revised.png

Fade into Fiction

The Three Most Iconic Batman Villains that Were Ruined With DC's Rebirth

The Three Most Iconic Batman Villains that Were Ruined With DC's Rebirth

The Caped Crusader is known for having some of the most interesting, well structured and iconic adversaries. A couple of examples of those would be The Joker, Bane, and The Riddler.

The first villains that Batman had to face in order to save Gotham City were the local crime families. Nonetheless, as time went by, Batman's Rogues' Gallery started to grow, and writers focused on writing more intricate and dark enemies for the Dark Knight to defeat.

One very interesting characteristic that unites most of these bad guys, is that the majority of them are human. In fact, they have no Superman-like superpowers, their only deadly weapon is their intelligence, which definitely makes them a little more relatable in our eyes.

Recently, DC Comics decided to completely reboot some villains and to erase others; writers hoped to make those characters even more relatable by giving them some sort of redemption.

Doing so though, the villains that were rebooted were completely deconstructed, as I mentioned above, and what is left is only a shell of what they used to be, leaving some fans unsatisfied. On the other hand, the characters that were almost erased from the comics, are not being used to their full potential.

Here are 3 villains that were completely ruined by DC Comics.

3. Scarecrow

  Image via Pinterest

Image via Pinterest

Former psychiatrist at Arkham Asylum, Jonathan Crane had a very dramatic childhood: he was severely abused by his grandmother, and he also became an easy target at school for his shy personality and extremely slender figure.

With a deep knowledge of the human mind, advanced chemist skills and an extraordinary intellect, Crane declared himself ''The Master of Fear'', and became the Scarecrow: one of the most formidable adversaries of the Dark Knight. He was heavily featured in the comics in the 60s, but everything changed recently, and Scarecrow became more of a supporting character instead.

In fact, most writers use Crane mostly to fill some gaps in the plots of some current comics, completely ignoring his personality and strength. He is definitely not being used to his full potential, and besides some short cameos, Crane is even used as a literal punch bag in some comics, taking blow after blow without even trying to fight back.

Scarecrow may look weak because of his physique, but we shall not forget about his Fear Toxin and his own version of the martial arts, both things that definitely make him a valid and interesting opponent to Batman.

2. Poison Ivy

  Image via Pinterest

Image via Pinterest

Before becoming an eco-terrorist, Pamela Lillian Isley was a botanical biochemistry student that got seduced by a doctor called Jason Woodrue, who ended up testing some of his toxins on her. These tests transformed Pamela into Poison Ivy, a plant hybrid capable of controlling plants and the human mind via pheromones.

Poison Ivy has always been one of Batman's most deadly adversaries, she has even been able of controlling Batman thanks to a special lipstick she developed. Her goal was not only to protect nature from the mankind, but she also wanted to make plants take over the world, which soon became an obsession. This was also the reason why she committed such atrocious crimes.

Everything changed with the New 52 and Rebirth since writers decided to take away this obsession from her, transforming Poison Ivy into an almost pacific person, seemingly making her forget about her evil roots. Paired with Harley Quinn, Poison Ivy acts more as an antihero rather than a villain now, which is definitely a shame: she was a strong femme fatale, and she definitely had more to offer as a villain rather than an antihero.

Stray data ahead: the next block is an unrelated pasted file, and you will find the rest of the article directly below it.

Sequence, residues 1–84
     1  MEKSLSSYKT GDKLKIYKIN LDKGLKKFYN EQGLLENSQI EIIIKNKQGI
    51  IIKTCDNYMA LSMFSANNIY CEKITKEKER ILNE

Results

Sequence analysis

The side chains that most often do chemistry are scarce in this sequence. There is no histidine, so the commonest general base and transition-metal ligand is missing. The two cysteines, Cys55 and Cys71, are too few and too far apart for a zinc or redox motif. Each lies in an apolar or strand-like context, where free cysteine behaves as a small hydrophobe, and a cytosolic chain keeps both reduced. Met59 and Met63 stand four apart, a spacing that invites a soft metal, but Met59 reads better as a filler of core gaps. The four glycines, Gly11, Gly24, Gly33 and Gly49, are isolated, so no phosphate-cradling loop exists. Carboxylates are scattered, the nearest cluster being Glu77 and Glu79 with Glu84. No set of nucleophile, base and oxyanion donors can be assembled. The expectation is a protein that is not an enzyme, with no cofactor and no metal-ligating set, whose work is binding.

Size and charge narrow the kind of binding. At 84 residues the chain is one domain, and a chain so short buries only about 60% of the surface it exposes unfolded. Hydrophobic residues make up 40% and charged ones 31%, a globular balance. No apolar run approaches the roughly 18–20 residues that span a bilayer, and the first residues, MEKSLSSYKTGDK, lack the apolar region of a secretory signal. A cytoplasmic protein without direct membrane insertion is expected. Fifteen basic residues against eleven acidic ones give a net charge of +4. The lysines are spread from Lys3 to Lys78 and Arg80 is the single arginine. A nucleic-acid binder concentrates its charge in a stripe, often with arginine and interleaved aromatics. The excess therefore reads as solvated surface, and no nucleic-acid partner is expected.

1. Harley Quinn

  Image via TheBatmanUniverse

Image via TheBatmanUniverse

Harleen Quinzel, also a former psychiatrist at Arkham Asylum, is one of the most interesting, twisted and brilliant characters DC Comics could ever create. Her first appearance was in Batman: The Animated Series, and she was later featured in the comics.

We all know her story: Doctor Harleen Quinzel got seduced by the Joker during various therapy sessions and fell madly in love with him. She later chose to become Harley Quinn, the Joker's most devoted sidekick, and also his very first love interest.

One of Harley Quinn's focal points is that she decided to become a villain. Nothing tragic in her childhood happened to make her this way, the only reason why she adopted this persona was the love and obsession she felt for the Joker. Love and obsession were in fact what Harley Quinn used to be built around, and it was brilliant.

However, what happened to Poison Ivy also happened to Harley: the writers decided to take what she was built around away from her, making Harley a completely different character. She is now an antihero and also an activist just like Poison Ivy, and she will not hurt anyone anymore.

It is extremely difficult to change a villain that is based on an obsession, and it is almost impossible not to fail; obsessions are what makes villains interesting, and when you take them away the character becomes flat, with nothing that distinguishes it from the others. With that being said, it is never a great idea to give villains some sort of redemption as soon as they gain more visibility (unless you don't want to completely erase years of hard work to shape that character in a certain way.). It's also not a good idea to push aside villains that don't look extremely strong.

 

BOX OFFICE: Black Panther Close to Another Milestone and More from the Weekend

BOX OFFICE: Black Panther Close to Another Milestone and More from the Weekend

REVIEW: Won't You Be My Neighbor? Is A Poignant Meditation On The Value Of Kindness

REVIEW: Won't You Be My Neighbor? Is A Poignant Meditation On The Value Of Kindness